How Much Are Diamonds Worth
When it comes to diamonds, “worth” has two meanings. One is the “price”, and the other is its “value.”
While most people take them as the same, they are not.
For example. The diamond prices chart below plots the price per carat of a round, excellent-cut, H in the diamond color and V2S in clarity.
It shows how much a diamond is worth on a per-carat basis. Getting the price of other diamond cuts and carats can be easily done using a diamond price calculator—provided you have input on the shape, carat size, color, clarity, cut, and fluorescence.
Using this diamond price calculator is the easiest way of knowing “what is the actual price of diamonds” at any given time.
Diamond value, however, cannot be expressed in explicit terms. Dozens of factors come into play in determining its value. Regardless, they can all be lumped together into one—appeal. A diamond’s value is set by its charm. And to determine what makes a diamond more appealing, gemologists use the GIA’s (Gemological Institute of America) grading system – the 4Cs of diamonds.
The 4Cs stand for cut, color, clarity, and carat. Before the establishment of the 4Cs, diamond dealers referred to dozens of several factors to determine a diamond’s price and appeal. Now you, too, can appreciate how diamond prices are set. Read on.
Price of 1-carat Diamond
How much is 1 carat diamond worth today?
Depending on the shape, a 1-carat diamond is typically 6.5 mm in diameter. In the market, it costs between $ 1,000 to $ 12,000, which you can get from any jeweler’s diamond price list.
This void between the price gap is filled in by its value. Remember that price is not the sole determinant of a diamond’s worth. As mentioned earlier, some factors come into play in determining its actual value. Take for example the piece in this Michael M review.
Factors Affecting Diamond Price
Just like any commodity, diamond prices change from day to day. Market trends, time of the year, etc., can cause these price fluctuations. In addition to that, diamond shapes, origin, diamond grades, and the 4Cs.
Though clarity has a lesser impact on diamond prices, it still can bring the price up or down.
Clarity refers to a diamond’s natural inclusions or lack of it. VVS1 (very slight inclusion) diamond price varies from an IF (Internally flawless).
Color refers to the color of light reflected off a diamond. It can be pure white or colorless to yellow.
Pure white diamonds are priced at a premium. Prices start going down proportionately as the color grade goes down.
The price per carat goes up as the diamond quality goes higher. This is because more rough material is removed to achieve better cut proportions and symmetry. In addition to that more labor is spent cutting and polishing the stone to near perfection.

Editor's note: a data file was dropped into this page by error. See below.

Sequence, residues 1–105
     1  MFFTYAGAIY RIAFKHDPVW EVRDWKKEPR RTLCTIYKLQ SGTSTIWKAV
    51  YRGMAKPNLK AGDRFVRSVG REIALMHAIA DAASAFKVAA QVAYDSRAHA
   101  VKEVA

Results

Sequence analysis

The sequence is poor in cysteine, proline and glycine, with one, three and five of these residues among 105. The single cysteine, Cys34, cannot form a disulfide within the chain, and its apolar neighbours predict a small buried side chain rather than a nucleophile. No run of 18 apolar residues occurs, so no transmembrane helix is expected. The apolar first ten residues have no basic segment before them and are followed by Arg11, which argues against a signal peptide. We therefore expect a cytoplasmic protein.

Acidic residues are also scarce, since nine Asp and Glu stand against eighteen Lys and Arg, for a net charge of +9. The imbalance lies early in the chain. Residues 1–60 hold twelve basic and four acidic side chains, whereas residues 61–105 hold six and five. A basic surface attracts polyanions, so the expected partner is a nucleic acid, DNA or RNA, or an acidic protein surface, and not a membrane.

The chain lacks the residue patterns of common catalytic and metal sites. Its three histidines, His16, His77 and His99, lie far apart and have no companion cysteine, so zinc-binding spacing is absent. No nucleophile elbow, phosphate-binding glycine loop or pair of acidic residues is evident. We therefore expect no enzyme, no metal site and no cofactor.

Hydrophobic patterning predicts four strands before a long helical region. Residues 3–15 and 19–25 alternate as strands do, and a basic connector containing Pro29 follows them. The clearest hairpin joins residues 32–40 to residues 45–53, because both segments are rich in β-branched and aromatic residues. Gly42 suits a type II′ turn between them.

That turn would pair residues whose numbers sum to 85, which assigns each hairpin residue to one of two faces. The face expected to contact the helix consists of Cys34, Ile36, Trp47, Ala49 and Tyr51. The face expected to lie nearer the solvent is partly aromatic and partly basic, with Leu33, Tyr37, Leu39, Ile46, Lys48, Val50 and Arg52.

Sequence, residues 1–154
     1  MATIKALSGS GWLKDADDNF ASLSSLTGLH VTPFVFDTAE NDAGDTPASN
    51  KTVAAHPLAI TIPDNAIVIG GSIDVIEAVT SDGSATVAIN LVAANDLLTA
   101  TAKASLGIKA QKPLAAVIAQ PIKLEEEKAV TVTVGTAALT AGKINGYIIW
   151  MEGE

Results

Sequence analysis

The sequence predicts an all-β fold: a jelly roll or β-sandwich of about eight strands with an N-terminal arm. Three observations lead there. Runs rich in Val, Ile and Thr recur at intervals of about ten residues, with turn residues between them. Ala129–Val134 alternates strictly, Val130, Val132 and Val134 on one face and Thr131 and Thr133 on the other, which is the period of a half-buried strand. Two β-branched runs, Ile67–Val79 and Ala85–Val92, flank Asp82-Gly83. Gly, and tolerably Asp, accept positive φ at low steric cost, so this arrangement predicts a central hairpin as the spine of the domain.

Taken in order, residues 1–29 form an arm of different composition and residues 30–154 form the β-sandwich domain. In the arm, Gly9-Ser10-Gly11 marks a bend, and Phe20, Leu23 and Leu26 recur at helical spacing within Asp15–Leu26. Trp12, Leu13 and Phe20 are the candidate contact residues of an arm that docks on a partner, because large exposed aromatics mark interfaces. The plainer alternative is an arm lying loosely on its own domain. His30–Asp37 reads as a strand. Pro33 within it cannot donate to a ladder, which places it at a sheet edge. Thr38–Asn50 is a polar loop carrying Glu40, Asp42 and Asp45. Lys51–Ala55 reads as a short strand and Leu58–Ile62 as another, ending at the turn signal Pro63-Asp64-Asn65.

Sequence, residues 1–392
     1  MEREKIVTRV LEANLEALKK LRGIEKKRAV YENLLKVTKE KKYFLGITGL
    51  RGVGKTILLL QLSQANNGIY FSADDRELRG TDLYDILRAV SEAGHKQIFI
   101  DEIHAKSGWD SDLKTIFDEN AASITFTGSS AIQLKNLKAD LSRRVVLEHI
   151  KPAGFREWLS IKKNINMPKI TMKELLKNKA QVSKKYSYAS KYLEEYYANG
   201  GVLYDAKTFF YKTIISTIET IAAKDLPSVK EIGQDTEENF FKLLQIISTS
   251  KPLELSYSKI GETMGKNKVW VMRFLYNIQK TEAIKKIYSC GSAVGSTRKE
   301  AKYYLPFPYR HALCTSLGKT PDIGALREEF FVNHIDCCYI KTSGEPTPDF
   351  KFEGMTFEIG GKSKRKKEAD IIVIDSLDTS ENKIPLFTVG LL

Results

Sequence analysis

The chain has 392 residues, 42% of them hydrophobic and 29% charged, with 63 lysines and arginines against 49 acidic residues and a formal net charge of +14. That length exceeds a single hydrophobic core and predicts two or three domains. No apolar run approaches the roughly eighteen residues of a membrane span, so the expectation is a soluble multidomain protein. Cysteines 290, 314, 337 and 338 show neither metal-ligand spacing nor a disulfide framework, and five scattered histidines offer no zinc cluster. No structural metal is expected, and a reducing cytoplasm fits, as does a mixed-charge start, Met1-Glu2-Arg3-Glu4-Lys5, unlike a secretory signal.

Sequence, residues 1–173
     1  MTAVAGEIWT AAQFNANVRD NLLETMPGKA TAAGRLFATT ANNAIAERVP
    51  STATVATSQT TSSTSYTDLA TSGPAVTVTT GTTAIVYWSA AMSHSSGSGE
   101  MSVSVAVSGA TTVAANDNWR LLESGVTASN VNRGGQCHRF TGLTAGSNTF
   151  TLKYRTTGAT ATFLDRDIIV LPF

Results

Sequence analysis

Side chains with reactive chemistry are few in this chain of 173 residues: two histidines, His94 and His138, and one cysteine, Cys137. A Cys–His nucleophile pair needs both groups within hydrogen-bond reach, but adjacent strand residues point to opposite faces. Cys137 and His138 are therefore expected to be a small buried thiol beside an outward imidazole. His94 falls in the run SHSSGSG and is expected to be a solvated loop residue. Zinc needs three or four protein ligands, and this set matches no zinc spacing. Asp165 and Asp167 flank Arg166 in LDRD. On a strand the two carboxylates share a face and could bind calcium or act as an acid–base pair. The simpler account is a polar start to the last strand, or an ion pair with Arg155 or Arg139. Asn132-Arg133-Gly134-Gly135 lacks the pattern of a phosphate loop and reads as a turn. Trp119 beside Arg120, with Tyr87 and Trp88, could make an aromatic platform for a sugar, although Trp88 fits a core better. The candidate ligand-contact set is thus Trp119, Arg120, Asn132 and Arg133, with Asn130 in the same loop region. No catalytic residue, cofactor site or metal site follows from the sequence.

There are several cuts in the market, but the round brilliant is the most expensive.
Considering other things being equal, i.e., color, clarity, and cut, the bigger the diamond, the higher the price per carat. This is because larger diamonds are more difficult to find than small ones. Bear in mind that the average size coming out of diamond mines is 0.10 carats. And only 20% of all mined diamonds are gem quality.
Other Factors Affecting Diamond Price
Aside from the 4Cs, the diamond price can be affected either by the inherent properties of the stone itself or its cut.
Fluorescence is the visible or invisible light emitted by some substances, like diamonds, after exposure to UV light.
All mined diamonds fluoresce to varying degrees. This is due to the presence of phosphorous in the internal structure of the diamonds. Though fluorescence can enhance a diamond’s whiteness and brilliance, too much can make it appear murky in normal light.
It should not be automatically ruled out as detrimental to the beauty of the diamond, but it somehow affects the price.
Lab-grown diamonds, also known as synthetic or created diamonds exert a strong downward pull on natural diamond prices.
They are almost identical to mined diamonds, i.e., in hardness, brilliance, crystal structure, and chemical properties. Burt can be manufactured in any quantity in a matter of weeks.
However, anyone selling these types of diamonds must indicate that they are not natural.
Social, ethical, and environmental responsibility
Mining diamonds, per see, is not entirely unethical. But the practices of some mining companies are.
Typically found in poverty-stricken areas of the world, mining companies hire disadvantaged children on a per-piece basis without any rights and benefits whatsoever. They discharge their mining wastes without regard for the environment. To top it all, some mining companies are paying protection money to armed groups waging political wars against the local governments mining companies are operating.
These problems prompted legitimate diamond companies to form the Kimberly Process Certification Scheme to make it mandatory for member companies to certify diamond shipments as “conflict-free” to prevent conflict diamonds from entering the legitimate diamond business.
Diamonds with non-uniform original color are color-enhanced to give them an even tone. The HPHT (high pressure, high temperature) process is used whereby diamonds are subjected to extremely high pressure and temperature to change their color artificially.
Color-enhanced diamonds have less value than natural diamonds because the color enhancement will wear off over time, impacting their beauty and longevity.
This is a process of injecting a chemical compound into a fracture in a diamond (fractures that reach the surface of the stone).
Though the process artificially enhances the clarity of a diamond, nevertheless, its value is still lower than that of a natural diamond. Fractured-filled diamonds are also susceptible to fractures due to daily wear because of their inherent defect.